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For refcode 1999AJ....117.2656B:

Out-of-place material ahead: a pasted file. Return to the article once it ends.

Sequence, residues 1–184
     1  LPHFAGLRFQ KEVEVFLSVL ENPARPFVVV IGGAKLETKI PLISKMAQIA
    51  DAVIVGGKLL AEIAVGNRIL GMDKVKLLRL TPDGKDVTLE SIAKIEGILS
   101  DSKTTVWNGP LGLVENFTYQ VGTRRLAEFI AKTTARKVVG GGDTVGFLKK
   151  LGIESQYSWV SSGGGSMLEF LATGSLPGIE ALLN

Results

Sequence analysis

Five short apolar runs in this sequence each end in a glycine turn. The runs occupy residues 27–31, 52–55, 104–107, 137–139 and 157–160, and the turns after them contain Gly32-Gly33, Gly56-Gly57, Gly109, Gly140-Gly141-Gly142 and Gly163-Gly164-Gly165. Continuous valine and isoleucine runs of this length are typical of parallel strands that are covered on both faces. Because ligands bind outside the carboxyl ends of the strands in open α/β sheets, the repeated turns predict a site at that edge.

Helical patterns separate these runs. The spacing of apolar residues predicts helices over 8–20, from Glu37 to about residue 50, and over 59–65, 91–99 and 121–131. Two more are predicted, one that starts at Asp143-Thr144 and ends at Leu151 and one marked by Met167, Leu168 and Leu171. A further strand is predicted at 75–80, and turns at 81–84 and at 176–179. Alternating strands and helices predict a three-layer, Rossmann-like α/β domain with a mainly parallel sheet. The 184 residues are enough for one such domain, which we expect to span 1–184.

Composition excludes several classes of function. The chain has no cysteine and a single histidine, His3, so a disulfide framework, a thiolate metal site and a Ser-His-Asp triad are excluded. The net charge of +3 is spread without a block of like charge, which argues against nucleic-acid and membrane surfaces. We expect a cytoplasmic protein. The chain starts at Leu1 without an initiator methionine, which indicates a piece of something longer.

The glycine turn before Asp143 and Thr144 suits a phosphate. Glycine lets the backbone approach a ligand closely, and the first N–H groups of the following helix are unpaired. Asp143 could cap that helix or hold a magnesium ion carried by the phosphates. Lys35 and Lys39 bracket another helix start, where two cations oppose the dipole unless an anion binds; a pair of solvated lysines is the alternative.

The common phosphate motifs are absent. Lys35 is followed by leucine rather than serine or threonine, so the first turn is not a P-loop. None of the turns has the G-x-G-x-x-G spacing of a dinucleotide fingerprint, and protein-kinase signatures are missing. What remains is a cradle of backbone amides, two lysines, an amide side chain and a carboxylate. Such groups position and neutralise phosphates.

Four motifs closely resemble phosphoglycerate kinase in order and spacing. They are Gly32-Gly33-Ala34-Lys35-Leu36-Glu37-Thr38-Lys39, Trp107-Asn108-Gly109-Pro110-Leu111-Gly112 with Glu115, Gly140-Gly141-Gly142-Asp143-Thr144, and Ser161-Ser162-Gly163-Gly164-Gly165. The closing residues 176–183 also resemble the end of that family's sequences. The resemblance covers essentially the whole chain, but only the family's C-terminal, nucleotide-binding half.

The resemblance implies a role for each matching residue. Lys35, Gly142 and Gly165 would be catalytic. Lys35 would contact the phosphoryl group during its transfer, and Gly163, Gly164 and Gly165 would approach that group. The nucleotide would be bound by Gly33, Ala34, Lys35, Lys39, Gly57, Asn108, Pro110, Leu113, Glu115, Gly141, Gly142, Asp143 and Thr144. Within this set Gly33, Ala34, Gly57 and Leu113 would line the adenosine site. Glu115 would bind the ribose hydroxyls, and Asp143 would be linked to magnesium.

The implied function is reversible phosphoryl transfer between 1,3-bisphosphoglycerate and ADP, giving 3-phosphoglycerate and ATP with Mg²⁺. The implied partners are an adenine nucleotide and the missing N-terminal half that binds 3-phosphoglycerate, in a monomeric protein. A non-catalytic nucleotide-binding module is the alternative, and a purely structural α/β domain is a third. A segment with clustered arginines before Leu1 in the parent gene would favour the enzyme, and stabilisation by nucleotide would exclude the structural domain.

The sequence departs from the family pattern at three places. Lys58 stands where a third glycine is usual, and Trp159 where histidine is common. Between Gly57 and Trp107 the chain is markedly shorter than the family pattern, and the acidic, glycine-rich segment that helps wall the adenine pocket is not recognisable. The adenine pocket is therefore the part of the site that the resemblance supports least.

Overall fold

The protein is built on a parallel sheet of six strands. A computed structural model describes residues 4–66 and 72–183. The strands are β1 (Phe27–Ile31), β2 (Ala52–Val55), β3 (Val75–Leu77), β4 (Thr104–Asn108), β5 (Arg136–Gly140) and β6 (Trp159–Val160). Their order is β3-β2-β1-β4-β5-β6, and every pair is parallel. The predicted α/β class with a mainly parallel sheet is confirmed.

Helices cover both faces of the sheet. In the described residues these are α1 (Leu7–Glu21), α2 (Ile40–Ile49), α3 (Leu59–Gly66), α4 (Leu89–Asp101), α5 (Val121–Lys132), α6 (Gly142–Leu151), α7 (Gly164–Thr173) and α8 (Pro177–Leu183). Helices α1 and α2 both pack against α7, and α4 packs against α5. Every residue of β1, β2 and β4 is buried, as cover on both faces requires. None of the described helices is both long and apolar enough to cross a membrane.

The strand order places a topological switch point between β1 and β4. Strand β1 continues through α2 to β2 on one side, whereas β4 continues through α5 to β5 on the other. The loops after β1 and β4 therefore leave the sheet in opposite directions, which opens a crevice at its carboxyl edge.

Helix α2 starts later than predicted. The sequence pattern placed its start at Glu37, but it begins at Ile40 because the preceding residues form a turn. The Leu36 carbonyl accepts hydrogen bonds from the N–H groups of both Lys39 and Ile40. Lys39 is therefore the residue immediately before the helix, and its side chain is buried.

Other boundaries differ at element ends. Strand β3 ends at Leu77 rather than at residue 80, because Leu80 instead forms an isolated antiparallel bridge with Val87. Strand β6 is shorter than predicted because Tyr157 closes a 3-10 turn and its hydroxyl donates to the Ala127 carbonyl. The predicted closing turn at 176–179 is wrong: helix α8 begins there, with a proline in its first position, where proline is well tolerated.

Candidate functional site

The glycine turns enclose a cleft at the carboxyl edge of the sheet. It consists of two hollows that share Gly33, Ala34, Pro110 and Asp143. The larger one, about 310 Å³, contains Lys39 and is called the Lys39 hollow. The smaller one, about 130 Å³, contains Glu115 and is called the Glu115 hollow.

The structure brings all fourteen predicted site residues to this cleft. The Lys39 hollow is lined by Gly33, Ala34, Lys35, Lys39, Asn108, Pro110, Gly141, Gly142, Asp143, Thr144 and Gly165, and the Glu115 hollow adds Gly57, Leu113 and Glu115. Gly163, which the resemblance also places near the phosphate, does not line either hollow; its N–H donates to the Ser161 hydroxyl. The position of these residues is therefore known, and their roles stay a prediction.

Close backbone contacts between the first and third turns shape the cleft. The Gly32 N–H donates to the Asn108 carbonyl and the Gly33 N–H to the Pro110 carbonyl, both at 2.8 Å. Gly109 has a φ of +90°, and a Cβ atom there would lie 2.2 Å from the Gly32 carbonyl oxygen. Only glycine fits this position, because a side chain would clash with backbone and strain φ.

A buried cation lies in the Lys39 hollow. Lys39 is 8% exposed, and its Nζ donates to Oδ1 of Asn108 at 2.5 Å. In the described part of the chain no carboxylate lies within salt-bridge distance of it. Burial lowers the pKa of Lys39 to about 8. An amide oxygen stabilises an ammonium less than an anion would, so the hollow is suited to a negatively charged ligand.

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1999AJ....117.2656B REDSHIFT DISTRIBUTION OF THE FAINT SUBMILLIMETER GALAXY POPULATION A. J. BARGER, L. L. COWIE, I. SMAIL, R. J. IVISON, A. W. BLAIN, AND J.-P. KNEIB Received 1998 December 28; accepted 1999 March 9 ABSTRACT We present a Keck II Low Resolution Imaging Spectrometer follow-up study of the possible optical counterparts to a flux-limited sample of galaxies selected from an 850 micron survey of massive lensing clusters using the Submillimeter Common User Bolometer Array on the James Clerk Maxwell Telescope. These sources represent a population of luminous dusty galaxies responsible for the bulk of the 850 micron background detected by COBE and thus for a substantial fraction of the total far-infrared emission in the universe. We present reliable redshifts for 20 galaxies and redshift limits for a further four galaxies selected from the error boxes of 14 submillimeter sources. Two other submillimeter detections in the sample have no obvious optical counterparts, and the final submillimeter source was only identified from imaging data after the completion of our spectroscopic observations. The optical identifications for four of the submillimeter sources have been confirmed through either their detection in CO at millimeter wavelengths (two pairs of galaxies at z = 2.55 and z = 2.80) or from the characteristics of their spectral energy distributions (two of the central cD galaxies in the lensing clusters). Plausible arguments based on the optical spectral properties (starburst or active galactic nucleus [AGN] signatures) of the counterparts allow us to identify a further two likely counterparts at z = 1.06 and 1.16. For the remaining eight cases, it is not always clear which, if any, of the optical sources identified are the true counterparts. Possible counterparts for these have redshifts ranging from z = 0.18 to z = 2.11. The application of a range of techniques, including near- and mid-infrared imaging and radio mapping, will assist in the identification of the true sources of the submillimeter emission, while CO line mapping with current millimeter interferometers and hard X-ray observations should aid in the determination of the nature of their emission. Working with the current identifications, we suggest that the majority of the extragalactic background light in the submillimeter is emitted by sources at z < 3 and hence that the peak activity in highly obscured sources (both AGNs and starbursts) lies at relatively modest redshifts. We find that a lower limit of 20% of the submillimeter sources in our sample show some sign of AGN activity; however, we caution that this does not necessarily translate into a 20% AGN contribution to the measured submillimeter emission from these sources. Key words: cosmology: observations-galaxies: active-galaxies: distances and redshifts-galaxies: evolution-galaxies: formation-galaxies: starburst
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